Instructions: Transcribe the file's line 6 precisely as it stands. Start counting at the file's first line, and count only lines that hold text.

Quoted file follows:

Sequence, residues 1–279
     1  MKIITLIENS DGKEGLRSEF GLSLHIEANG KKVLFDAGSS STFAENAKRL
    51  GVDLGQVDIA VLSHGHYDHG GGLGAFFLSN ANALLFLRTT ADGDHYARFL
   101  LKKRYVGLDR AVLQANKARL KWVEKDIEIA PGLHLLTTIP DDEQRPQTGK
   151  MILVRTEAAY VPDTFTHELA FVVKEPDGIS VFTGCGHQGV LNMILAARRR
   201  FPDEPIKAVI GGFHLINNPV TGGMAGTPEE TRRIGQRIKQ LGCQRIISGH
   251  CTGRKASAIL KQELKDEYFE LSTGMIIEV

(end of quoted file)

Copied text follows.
   201  FPDEPIKAVI GGFHLINNPV TGGMAGTPEE TRRIGQRIKQ LGCQRIISGH